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Agriculture as the Foundation

  • Philip ScrantonEmail author
Chapter

Abstract

Post-Leap rural recovery entailed reforms pushing responsibility down the organizational structure to production teams and brigades (huge communes had proved unwieldy), prioritizing agricultural requirements over industrial needs, building rural production facilities and free-standing electric stations, and supporting market-responsive activity by farmers and craftsmen. Yet rural cadres and managers were persistently undertrained and overburdened, and often failed to constrain households eagerness to grow, make, and trade—some even abandoning rural life for illegal entry to town and city commercial circles. Controversies arose over everything from prohibiting eating frogs (they consumed kilos of insects) to surging market fairs (handling an estimated 25% of rural production). Self-reliant counties helped co-ops build small plants to make tools, cement, and fertilizer with local, not central resources. Thereby decentralization opened spaces for steps toward greater rural prosperity, but undermined revolutionary values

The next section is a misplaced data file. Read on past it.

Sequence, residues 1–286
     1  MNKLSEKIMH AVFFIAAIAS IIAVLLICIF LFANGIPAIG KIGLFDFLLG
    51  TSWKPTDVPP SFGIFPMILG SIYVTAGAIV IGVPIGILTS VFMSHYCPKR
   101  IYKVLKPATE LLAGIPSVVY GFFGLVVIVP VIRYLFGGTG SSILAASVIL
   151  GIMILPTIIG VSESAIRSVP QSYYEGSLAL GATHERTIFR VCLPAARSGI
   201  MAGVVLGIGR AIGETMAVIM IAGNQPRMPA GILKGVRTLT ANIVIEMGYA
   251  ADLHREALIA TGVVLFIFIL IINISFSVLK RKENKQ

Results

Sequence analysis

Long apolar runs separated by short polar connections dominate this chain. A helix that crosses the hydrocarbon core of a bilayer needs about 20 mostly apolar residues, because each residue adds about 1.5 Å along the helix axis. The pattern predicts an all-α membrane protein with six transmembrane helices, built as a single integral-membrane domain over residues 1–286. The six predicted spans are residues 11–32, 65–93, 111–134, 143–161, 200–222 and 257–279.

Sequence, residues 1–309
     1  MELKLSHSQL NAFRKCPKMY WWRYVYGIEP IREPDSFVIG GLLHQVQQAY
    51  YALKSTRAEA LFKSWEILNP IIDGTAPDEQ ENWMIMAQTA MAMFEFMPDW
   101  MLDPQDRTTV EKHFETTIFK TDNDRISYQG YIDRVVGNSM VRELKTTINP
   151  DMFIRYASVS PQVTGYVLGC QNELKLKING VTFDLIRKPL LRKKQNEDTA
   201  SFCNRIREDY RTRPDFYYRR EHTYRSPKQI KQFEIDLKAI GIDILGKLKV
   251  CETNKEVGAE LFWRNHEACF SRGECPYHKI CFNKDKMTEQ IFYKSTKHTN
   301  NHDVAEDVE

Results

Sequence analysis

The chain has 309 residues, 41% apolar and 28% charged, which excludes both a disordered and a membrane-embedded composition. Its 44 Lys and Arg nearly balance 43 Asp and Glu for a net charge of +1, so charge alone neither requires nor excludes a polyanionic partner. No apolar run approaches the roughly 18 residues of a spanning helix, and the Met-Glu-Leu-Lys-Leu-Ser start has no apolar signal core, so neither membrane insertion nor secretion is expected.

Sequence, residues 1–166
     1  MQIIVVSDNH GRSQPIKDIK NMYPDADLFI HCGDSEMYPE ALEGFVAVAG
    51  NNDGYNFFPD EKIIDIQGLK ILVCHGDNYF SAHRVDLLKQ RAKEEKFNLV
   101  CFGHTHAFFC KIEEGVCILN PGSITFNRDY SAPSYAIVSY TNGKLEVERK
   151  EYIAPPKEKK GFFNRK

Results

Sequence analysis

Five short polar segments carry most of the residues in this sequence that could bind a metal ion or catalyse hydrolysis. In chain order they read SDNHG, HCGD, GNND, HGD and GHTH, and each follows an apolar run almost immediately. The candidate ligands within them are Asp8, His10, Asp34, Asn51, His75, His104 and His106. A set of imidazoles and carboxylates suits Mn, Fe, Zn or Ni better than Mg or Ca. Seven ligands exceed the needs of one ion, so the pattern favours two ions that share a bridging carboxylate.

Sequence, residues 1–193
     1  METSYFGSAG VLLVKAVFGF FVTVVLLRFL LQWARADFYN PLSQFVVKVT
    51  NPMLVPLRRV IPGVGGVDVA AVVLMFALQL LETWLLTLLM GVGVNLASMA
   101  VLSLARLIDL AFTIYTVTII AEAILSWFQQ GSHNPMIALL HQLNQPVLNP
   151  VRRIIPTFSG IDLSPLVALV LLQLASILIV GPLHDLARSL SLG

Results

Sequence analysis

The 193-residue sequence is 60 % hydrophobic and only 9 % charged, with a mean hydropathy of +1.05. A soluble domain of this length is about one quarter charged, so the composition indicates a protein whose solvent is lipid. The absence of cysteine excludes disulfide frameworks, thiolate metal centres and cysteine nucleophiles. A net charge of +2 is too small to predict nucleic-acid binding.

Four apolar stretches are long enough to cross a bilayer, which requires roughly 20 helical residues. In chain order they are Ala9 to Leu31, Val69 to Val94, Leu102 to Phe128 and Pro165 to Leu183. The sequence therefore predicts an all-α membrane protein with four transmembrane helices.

Copyright information

© The Author(s) 2019

Authors and Affiliations

  1. 1.Department of HistoryRutgers UniversityCamdenUSA

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